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[This I Believe] 【整理】2015-05-19&05-25 柔软的心

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[This I Believe] 【整理】2015-05-19&05-25 柔软的心

本帖最后由 qingchengshan 于 2015-6-2 17:17 编辑 “我的信念”是美国国家公共广播电台节目,每期会邀请来自各行各业、不同阶层的人士朗读自己的文章,围绕这个题目讲述个人经历和人生信念。在这里听一个平凡的美国人用自己的声音讲述他们的故事,从这里里发现、理解和相信自己成功的原因。大多的故事来自于美国人,但是对美好生活的追求和对幸福的期许,没有国界。

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Unhardened Hearts


Kate Hutton is a high school English teacher who asks her students each year to read To Kill a Mockingbird. This year, her students were especially passionate sharing their feelings about racism, fairness, and equality, and Ms. Hutton believes there is hope for their future.


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I often joke with my students that the course I teach—English 10—should be re-titled “Doom and Gloom Literature.” We read some pretty heavy texts over the course of the year. We discuss the potential for evil within all of us in Golding’s Lord of the Flies and the dangers of silence in the face of evil as we read Elie Wiesel’s Night.

 

Each year, when we begin Harper Lee’s To Kill a Mockingbird, about an African-American man who has been accused of a crime he did not commit, we inevitably have a class-wide discussion about things like prejudice and stereotypes in our culture, and where we draw the line between harmless and harmful beliefs. These statements always lead to a fascinating discussion, but this year, the discussion took on a markedly different tone.

 

This year, my mostly African-American and Hispanic 10th graders began reading the book the day after a grand jury decided not to indict white New York City police officer Daniel Panataleo in the death of Eric Garner, an African-American man who was placed in a chokehold and died while resisting arrest. One week earlier, another grand jury had decided not to indict white police officer Darren Wilson, who shot and killed Michael Brown, an un-armed African-American teenager in Ferguson, Missouri.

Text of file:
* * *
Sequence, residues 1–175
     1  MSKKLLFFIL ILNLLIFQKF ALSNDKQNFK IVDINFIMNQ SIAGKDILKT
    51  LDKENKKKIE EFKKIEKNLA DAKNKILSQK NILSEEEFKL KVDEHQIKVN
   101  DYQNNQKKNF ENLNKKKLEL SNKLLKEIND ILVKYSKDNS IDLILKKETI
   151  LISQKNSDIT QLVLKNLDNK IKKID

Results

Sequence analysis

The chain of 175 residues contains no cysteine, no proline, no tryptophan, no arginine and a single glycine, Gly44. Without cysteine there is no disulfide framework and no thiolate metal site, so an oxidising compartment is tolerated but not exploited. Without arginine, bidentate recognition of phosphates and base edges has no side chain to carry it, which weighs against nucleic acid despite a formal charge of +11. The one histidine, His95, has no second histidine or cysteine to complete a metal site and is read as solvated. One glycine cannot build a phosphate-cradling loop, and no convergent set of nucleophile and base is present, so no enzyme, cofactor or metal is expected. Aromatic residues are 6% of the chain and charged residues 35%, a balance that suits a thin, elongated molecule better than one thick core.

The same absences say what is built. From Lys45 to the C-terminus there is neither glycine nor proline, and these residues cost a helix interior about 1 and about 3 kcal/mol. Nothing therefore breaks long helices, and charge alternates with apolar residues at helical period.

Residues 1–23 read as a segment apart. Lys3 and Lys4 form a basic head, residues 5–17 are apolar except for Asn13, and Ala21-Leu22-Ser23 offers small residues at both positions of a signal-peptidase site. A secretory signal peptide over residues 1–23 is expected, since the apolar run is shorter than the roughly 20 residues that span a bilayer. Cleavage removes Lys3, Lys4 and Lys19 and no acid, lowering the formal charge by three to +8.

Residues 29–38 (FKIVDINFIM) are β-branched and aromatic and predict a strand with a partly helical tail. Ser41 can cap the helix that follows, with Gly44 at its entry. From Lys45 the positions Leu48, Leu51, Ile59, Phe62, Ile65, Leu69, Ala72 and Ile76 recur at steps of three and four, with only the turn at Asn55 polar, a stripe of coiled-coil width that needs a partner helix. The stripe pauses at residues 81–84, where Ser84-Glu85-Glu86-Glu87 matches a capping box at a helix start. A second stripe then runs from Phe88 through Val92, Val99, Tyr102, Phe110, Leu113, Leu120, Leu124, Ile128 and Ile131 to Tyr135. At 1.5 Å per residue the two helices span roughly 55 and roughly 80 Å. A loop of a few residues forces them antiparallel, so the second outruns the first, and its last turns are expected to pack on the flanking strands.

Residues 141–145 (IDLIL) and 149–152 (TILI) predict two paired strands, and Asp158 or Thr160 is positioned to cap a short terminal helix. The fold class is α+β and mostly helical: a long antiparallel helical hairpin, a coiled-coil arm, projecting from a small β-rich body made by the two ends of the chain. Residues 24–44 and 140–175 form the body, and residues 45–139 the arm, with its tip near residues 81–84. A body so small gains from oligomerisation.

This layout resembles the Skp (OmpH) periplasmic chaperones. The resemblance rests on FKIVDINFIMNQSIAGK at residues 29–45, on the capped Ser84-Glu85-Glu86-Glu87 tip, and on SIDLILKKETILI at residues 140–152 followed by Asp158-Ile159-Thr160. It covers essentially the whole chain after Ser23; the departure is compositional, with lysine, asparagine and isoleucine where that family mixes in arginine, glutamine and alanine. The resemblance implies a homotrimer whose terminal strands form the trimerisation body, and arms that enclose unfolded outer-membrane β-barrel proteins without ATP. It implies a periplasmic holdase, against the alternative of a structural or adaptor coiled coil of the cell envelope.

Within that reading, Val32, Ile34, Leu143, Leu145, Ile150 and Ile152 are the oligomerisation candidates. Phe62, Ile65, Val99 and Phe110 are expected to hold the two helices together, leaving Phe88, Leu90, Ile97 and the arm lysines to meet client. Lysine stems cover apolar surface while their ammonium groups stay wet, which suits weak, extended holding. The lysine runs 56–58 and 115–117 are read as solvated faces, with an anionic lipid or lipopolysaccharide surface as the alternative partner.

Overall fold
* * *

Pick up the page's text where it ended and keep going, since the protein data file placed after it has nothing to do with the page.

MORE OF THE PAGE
Where in previous years, it had taken a bit of time for my students to get to a discussion of race, this year, it came up immediately. In one class, two of my African-American students brought up Michael Brown and Eric Garner instantly and passionately shared their frustration with both grand jury decisions. As one boy explained to the class what had happened in both cases, my normally squirrely students became quiet and pensive. One of them asked if anyone remembered what had happened to Trayvon Martin in 2012. In another period, a shy girl gave an impassioned, extemporaneous speech about the existence and prevalence of racism in our country that I can only compare to Linus’ speech about the true meaning of Christmas in the Charlie Brown Christmas movie.

 

When my students reach me, they’re young enough that they still believe that the world is neatly divided into “good” and “bad,” or “right” and “wrong.” They’re teetering at the edge of innocence and experience as they’re starting to realize that sometimes, good people make awful choices, and sometimes, seemingly hopeless and hard individuals are capable of kindness. Throughout the year, I try to teach my students to always strive to do the right thing in spite of how ugly our world sometimes seems.

 

At the end of To Kill a Mockingbird, the protagonist, Scout, learns that doing the right thing isn’t necessarily always the easiest thing—but ultimately, it is our duty to think about things from another person’s point of view and to stand up for what it is right, even if—especially if—no one else will. During our discussion, my students arrived at that same conclusion.

 

That day, I wept on my drive home, my heart impossibly heavy. Aren’t we supposed to be past these kinds of things as a society? Aren’t we supposed to be a society founded on equality, fairness, and justice? How is this still happening?

 

I became a teacher because I believe in the power of young people to create a better world. I believe that young people possess unhardened hearts; I believe that we must do everything we can as adults to prevent our own hearts from hardening. Why is it that as we grow older, we become complacent? Why do we become indifferent to the unfairness and the injustices we witness on a daily basis? I believe that within all of us is a strong sense of right and wrong, yet oftentimes, we adults are hardened by our experiences, and we lose the empathy that we felt so easily as children.